Picture yourself on a tightrope. You’re suspended high off the ground and in one hand you have a 50 pound dumbbell and in the other you have nothing. Start walking.
It’s an agonizing thought, isn’t it? Being out of balance and struggling to move forward. That’s what life is like for most people. Their lives are weighed down by the burdensome tasks of work, school, or home, and the rest gets neglected.
Balance is the answer, and there is one big reason you don’t have it. I’ll share this in a second, but first…
Why do you need balance?
Balance is important. It keeps us sane by having all aspects of our lives running at the same pace. When one aspect of life overtakes the rest, you’re allowing yourself to become too one-sided.
And, you know when your life is out of balance because there’s almost always a backlash, whether it’s from a frustrated spouse, calls from a bill collector, a disappointed coworker, or even from yourself in the form of depression or stress. The signs are there.
The one big reason you don’t have it
Here it is: you don’t have balance because you’re missing the Big Picture. Unfortunately, it’s difficult for you to see yourself as the tightrope walker I described in the first paragraph. Most days you see only what’s directly in front of you.
The Big Picture equals your purpose, your success, your happiness. It requires you to focus on what is important. Often, it’s lost in a sea of tasks and appointments that don’t fit in the Big Picture at all.
There’s a logical reason, of course. Your life is filled, wall to wall in most cases, with busyness. Economic times are tough and you’re working harder. Or, your household is in constant motion and you’re juggling multiple schedules. Whatever your role, you are likely pushed to the extent of your time each day. That leaves little room for anything else.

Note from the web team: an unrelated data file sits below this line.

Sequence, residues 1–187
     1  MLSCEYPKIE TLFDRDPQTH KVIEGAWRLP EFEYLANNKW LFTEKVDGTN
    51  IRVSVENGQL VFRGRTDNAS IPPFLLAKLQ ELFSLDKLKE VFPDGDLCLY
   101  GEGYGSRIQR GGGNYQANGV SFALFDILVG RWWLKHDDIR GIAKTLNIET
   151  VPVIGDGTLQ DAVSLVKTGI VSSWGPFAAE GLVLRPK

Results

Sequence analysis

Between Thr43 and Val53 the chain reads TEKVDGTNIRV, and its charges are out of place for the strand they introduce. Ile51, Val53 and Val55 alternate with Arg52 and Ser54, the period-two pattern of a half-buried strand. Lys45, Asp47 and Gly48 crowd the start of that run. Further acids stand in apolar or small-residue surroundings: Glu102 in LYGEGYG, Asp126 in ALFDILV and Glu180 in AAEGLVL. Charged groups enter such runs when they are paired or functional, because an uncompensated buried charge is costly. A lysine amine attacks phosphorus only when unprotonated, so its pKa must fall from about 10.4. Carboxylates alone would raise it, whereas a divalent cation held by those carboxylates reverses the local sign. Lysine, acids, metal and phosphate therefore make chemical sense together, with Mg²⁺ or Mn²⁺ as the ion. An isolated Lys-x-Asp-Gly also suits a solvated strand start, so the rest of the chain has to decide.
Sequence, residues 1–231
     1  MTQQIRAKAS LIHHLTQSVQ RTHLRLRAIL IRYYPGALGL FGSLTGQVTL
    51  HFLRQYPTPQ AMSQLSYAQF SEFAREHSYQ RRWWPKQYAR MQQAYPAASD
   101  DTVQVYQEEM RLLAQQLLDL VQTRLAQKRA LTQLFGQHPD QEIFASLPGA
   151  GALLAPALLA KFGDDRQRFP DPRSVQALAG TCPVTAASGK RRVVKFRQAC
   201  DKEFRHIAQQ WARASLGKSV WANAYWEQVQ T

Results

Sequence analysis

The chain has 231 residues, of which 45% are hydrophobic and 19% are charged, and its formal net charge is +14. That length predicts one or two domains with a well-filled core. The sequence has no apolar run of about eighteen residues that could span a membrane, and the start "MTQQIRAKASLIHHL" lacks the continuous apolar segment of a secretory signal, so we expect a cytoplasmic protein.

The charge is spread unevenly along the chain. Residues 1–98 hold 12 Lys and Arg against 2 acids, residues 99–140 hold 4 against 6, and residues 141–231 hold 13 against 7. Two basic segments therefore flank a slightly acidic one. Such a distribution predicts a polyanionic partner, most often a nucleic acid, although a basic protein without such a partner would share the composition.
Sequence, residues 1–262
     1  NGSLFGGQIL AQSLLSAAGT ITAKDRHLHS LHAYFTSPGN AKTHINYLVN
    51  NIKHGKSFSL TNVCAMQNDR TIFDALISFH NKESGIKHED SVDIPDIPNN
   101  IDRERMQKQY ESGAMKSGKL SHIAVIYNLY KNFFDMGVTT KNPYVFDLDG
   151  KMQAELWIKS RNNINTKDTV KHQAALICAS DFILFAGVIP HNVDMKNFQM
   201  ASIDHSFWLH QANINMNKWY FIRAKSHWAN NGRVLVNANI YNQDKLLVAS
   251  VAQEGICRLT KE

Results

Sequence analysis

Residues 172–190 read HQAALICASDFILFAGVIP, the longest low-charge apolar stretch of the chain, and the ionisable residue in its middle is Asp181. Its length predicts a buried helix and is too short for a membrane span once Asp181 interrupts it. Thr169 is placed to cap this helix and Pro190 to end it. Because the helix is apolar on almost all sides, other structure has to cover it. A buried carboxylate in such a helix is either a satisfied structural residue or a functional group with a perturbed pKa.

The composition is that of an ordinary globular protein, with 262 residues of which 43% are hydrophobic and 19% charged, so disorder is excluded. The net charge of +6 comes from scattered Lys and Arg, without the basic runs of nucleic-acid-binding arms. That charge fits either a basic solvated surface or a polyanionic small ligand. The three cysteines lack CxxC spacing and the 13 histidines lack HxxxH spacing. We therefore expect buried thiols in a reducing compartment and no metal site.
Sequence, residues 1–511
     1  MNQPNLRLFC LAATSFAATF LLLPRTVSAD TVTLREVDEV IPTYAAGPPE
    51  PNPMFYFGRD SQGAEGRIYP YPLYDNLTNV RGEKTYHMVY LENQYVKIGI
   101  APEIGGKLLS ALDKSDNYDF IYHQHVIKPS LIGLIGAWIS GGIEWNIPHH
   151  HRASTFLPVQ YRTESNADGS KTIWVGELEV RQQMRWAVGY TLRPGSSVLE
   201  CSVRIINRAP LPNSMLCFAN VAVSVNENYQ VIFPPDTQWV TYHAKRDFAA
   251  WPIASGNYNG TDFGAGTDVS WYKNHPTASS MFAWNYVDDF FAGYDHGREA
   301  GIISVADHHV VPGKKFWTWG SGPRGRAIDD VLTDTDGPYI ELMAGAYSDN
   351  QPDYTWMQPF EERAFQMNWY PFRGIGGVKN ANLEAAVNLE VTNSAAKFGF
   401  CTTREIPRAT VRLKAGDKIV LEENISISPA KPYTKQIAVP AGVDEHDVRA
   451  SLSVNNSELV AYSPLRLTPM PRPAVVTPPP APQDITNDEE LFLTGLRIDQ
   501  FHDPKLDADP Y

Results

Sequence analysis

Here’s how to gain it
Here are some fundamental methods that will bring the big picture into focus and help you gain balance:
• Set goals. Stop bouncing from task to task like a pinball. Have a set purpose behind what you do, whether it’s at work or at home. Keep your goals in your day planner and integrate goal-related tasks into your week.
• Don’t overbook yourself. Look at your past to-do lists. If your days are filled with incomplete tasks then you’re not being realistic with your time, and you’re probably not allowing yourself freedom to pursue balance.
• Watch the clock. Don’t let your work time spill over into other time. Set deadlines on your work and stick to them.
• Focus on you. Often the most neglected area is your own personal happiness. Look inward and spend some time on yourself. Block out time on your weekly calendar, and make it a priority. Take up a hobby, meditate, read a book – whatever is important to you.
• Rotate. Each week, choose an area of your life to make your focus. One week it’s family, the next it’s your finances, the next week it’s your personal growth. Rotate them throughout the month.
• Say No & Delegate. These are often the two most difficult things to do. Most people have trouble pushing work away, whether it’s for job security or because it makes them feel important. But, if you can’t say no, or you can’t pass the buck, then you’ll find yourself continuously overcommitted. Start slow. Try saying no or delegating once a week and go from there.
• Do the essential. Live by the 80/20 rule, learn when to walk away, know when enough is enough. When you focus your energy on accomplishing only what’s essential, you can make time for something else. Recognize the point of diminishing returns on your activities and move on.
For more reading, here’s another great post on work-life balance from the blog Zen Habits.
How do you find balance? Share your thoughts about work-life balance by commenting.
[photo by frankh]
|Day-Timer Spokesperson Jeff Doubek can be reached at firstname.lastname@example.org|